Georgia senior community staffers, residents ride out pandemic together

Watching from Stone Mountain, Georgia, as a novel coronavirus began hitting nursing care facilities in Washington State, Isakson Living Chief Operating Officer Donna Moore knew she needed to move quickly.

Moore became convinced the only way to protect the 500 seniors of Park Springs Life Plan Community would be to shut the 61-acre campus down.

Isakson Living COO Donna Moore has been living with more than 70 staff members at Park Springs Life Plan Community in Stone Mountain.

"It became apparent to me that the single most important thing I could do would be to limit human traffic, and to lock in our campus, to lock our members in, to lock ourselves in.  And, I asked for volunteers."

About 60 of 300 staff members raised their hands, she says.

That was April 1, 2020.

Six weeks later, she's one of now 73 staff members still hunkered down at the facility.

"I'm living in a tent, on an air mattress," Moore says. "Our spirits are high. It's hard work, 12, 14, 16 hours a day."

Nursing home administrator Nadia Williams has been at the facility six weeks.

“I didn't think twice about it," Williams says. "I knew I'd signed up to protect my members and lead my staff.”

They planned on staying for two to four weeks.

"None of us thought we'd be here longer than a month," Moore says.

The goal was to keep outsiders from coming into the 61-acre property, and limit movement between the different units, which include independent living, assisted living, long term care and a memory care unit.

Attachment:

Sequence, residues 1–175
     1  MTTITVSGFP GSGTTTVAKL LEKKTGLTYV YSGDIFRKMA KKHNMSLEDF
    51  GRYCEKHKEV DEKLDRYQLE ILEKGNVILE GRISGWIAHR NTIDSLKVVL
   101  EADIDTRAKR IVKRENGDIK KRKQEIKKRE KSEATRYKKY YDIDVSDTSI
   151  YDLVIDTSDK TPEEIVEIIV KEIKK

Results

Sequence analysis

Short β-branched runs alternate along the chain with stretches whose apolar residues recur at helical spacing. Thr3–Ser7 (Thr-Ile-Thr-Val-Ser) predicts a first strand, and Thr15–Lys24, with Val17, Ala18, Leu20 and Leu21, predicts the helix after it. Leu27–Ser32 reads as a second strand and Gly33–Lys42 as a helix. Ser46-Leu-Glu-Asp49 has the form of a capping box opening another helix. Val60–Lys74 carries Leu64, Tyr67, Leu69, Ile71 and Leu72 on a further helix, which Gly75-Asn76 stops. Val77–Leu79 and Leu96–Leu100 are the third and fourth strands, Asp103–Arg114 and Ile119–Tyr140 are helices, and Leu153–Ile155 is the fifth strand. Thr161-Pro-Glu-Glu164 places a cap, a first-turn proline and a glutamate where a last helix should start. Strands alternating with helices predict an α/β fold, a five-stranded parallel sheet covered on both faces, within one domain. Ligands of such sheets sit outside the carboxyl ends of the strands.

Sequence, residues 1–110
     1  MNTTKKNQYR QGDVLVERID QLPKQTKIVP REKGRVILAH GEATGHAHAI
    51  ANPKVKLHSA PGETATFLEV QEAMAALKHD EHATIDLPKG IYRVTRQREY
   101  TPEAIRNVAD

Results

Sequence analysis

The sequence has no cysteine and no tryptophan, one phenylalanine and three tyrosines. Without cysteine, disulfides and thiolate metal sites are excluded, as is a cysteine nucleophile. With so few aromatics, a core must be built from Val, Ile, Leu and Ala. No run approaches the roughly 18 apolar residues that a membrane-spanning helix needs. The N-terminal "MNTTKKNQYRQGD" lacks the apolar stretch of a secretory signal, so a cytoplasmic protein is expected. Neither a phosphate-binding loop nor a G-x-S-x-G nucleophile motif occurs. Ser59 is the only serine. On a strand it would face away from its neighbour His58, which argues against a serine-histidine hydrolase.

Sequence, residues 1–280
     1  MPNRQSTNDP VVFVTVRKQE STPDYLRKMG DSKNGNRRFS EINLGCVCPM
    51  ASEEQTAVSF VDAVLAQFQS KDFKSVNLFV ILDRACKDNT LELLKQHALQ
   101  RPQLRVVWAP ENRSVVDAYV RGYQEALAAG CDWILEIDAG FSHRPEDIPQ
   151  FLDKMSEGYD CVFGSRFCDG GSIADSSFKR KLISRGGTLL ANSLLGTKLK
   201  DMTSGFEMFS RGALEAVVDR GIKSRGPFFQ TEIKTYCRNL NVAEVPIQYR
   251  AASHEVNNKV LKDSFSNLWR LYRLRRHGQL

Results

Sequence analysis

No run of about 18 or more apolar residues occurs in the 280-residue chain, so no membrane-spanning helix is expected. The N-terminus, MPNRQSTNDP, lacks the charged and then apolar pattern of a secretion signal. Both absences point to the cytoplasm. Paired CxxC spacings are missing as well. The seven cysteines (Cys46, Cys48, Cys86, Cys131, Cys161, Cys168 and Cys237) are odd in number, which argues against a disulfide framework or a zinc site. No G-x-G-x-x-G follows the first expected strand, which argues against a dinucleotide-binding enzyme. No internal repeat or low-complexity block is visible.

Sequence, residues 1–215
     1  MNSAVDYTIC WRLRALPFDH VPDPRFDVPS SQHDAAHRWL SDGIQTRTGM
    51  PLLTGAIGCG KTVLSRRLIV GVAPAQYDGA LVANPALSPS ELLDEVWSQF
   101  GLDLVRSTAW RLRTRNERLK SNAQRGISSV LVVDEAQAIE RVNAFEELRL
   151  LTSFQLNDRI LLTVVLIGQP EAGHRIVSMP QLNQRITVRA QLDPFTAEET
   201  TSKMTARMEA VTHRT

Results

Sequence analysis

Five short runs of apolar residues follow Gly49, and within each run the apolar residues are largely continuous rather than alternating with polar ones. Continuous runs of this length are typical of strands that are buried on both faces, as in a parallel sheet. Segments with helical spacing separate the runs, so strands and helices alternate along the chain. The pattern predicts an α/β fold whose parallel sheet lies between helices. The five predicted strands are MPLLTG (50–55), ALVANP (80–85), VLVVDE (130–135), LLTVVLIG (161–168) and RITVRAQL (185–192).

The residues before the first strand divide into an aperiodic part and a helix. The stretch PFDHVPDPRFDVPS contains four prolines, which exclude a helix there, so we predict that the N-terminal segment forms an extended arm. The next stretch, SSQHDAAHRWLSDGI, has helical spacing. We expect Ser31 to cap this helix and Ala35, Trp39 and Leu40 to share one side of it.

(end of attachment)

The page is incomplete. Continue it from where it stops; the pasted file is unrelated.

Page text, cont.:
Moore and her team used zippered walls to quarantine off the units that housed higher-risk patients.

Staffers and residents, or "members," as they're called here, were sequestered together in clusters.

Six weeks in, the lockdown seems to be paying off.

Moore says Park Springs has had no infections in their long term and memory care units.

She says they have had three patients and four staff members test positive for COVID-19. The patients were in the campus' healthcare unit, where they could be isolated. Staff members were sent home to self-quarantine.

As the weeks passed, Moore realized she would have to ask the staff to extend their commitments.

"I told them, 'I appreciate your service. Thank you for what you've already given. If you can give more, that would be fantastic. If you can't, that's okay," Moore says.

Moore says 73 staff member have chosen to stay on until early June.

For Nadia Williams, it meant missing her little sister’s wedding in Florida.

"It was heartbreaking," Williams says. "As children, we talked, we planned, we discussed. We knew exactly how things were going to be for our weddings."

Instead, wearing a sequined yellow dress she picked up back home in England, and carrying a hand-made bouquet, the 30-year-old “virtually” stood by her sister’s side, on Zoom.

It wasn't what she wanted, she says, but it was okay.

"I was taking pictures, encouraging them, and I got to give my speech," she smiles.

Moore, who is married with two daughters in college, misses her family, too.

"Not being able to hug them, not being able to touch them, Mother's Day was hard," she says.

Ginger Hansborough, a manager in the independent living community, says she is committed to stay as long as she is needed here.

Hansborough says she's grown close to her team of 27, who have become like family to her.

"We don't want to hear the word 'July,' but if we did hear the word 'July,' we'll still have the strength in numbers, the strength in our family that's here," Hansborough says.

Nadia Williams, who left behind a partner to move into Park Springs, says she is happy she volunteered for this.

“The rewarding part is to see the members," she says.  "They're so happy.”

That makes her proud, Williams says.

"This is a story I will definitely tell for generations to come," Williams says. "I was part of a group of people who are true heroes, in every sense of the word."